MONROVIA, Liberia — While protesters were battling police over a student's gang rape in India and the world was expressing outrage at the crime, 14-year-old Olivia Zinnah was buried here Dec. 22 with far less fanfare, after suffering years of pain and surgeries following a rape when she was 7.
Although the country's Gender Ministry made efforts to draw attention to Zinnah's death, her passing went unremarked but for a few stories in local media. Zinnah, who died of an infection in a Monrovia hospital a week before Christmas, was the fourth girl this year to succumb to rape-related injuries in this West African nation of four million, the ministry said.
For three years after her 2005 violation in a rural area outside Monrovia, Zinnah received only traditional healing, which can include herbs and sorcery. She was not taken to a doctor. Police were not called. When her uncle Lawrence Samuel came to visit the family in 2008, he was shocked to see Olivia in a terrible state, with poorly treated wounds and a systemic infection.
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"She was almost decomposed from the infection," said Samuel, 70.
Samuel asked women in the family what had happened and they told him Olivia had been raped by a family member, he said. Samuel reported the crime and named the suspect to the police, brought his niece to Monrovia for medical care, and contacted the Ministry of Gender, he said.
Ministry officials took on Olivia's case, paying for her medical treatment and four surgeries, the last of which left her with a colostomy bag.
"We did everything we could to save her," said Gender Minister Julia Duncan Cassell.
Doctors Without Borders (DWB) in 2011 reported that 92 percent of females treated for rape in its Liberia facilities were under 18. A DWB study published in November said that of about 1,500 females treated in Monrovia clinics in 2008 and 2009 after rape, four out of 10 were younger than 12 and one in 10 were younger than 5. "Half the survivors were children aged 13 years or younger and included infants and toddlers," the report said.
Because sexual violence so often goes unreported, it's impossible to know the true scale of the child-rape problem here. In many cases, families of raped children accept money from the rapist to hush up the crime, Cassell said. In Olivia's case, it does not appear her family accepted any money, but once the girl's uncle reported the crime, the rest of the family shunned both Olivia and her mother, Cassell said. That common social penalty imposed on those who break silence around rape cases combines with the payoffs to deter reporting and foster impunity for rapists, the minister said.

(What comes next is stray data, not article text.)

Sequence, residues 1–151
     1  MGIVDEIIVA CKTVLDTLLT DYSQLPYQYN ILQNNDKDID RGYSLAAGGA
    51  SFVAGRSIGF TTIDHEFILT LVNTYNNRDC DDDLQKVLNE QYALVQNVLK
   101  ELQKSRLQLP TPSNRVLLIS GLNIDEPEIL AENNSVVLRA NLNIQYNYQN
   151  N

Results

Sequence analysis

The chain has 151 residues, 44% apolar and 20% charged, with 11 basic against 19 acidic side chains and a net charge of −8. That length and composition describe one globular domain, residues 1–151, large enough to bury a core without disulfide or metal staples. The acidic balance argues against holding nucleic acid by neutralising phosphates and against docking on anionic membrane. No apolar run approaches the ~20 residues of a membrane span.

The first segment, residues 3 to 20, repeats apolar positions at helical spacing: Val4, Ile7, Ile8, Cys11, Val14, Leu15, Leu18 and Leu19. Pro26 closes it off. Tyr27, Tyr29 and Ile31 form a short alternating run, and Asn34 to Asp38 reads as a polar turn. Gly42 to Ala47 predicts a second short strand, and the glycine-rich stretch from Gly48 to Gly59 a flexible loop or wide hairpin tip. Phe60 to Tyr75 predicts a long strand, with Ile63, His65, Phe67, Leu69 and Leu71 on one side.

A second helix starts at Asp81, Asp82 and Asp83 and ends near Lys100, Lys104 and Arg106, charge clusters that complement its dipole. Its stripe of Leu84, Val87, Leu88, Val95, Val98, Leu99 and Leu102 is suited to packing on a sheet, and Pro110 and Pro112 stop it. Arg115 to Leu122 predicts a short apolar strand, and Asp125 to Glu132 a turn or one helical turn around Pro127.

"There are a lot of other Olivias out there that we don't know about," Cassell said.
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Deputy Gender Minister Annette Kiawu played a central role in the ministry's intervention in Olivia's case.
"For her it was difficult," Kiawu said. "She always had an urge to want to play like the other children. You would see her once in a while laughing, or trying to jump around. She used to smile every now and then."
Although linkages have been drawn between widespread sexual violence during Liberia's 14 years of civil war and the current levels of sexual violence, Cassell said the causes of Liberia's epidemic child rape go beyond the fallout from conflict that ended a decade ago. Poverty leads to the settlements and thus to impunity; poor education leads to a lack of understanding among males of the physical and emotional damage caused by rape; high rates of teen pregnancy lead to lots of mothers unequipped to secure girls from predators, Cassell said.
"You've got a 16-year-old girl with two children already," Cassell said. "How does she know how to protect her children?"
The alleged perpetrator of Olivia's rape was arrested, but released without prosecution. Gender ministry officials are investigating to determine why he went free, and plan to get the case reopened. "He needs to pay for that," Cassell said.
Her ministry paid for Olivia's funeral, and ministry officials were on hand to discuss the case with a handful of local media, part of Cassell's effort to bring attention onto the child-rape issue, and build awareness among the populace about the need to prevent and report sexual violence. So far, there's been no significant public reaction to the death of Olivia here or abroad.
Photo above: Olivia Zinneh, left, who died at 14 from rape injuries, is shown in an undated picture in the hospital with her friend Clara, who also would die of rape injuries. (Photo source: Olivia's funeral brochure, created and provided by Liberian Ministry of Gender.)
California-based journalist Ethan Baron is training Liberian reporters at Front Page Africa under a program funded by the British government and delivered by a Canadian NGO funded 30 percent by the Canadian government.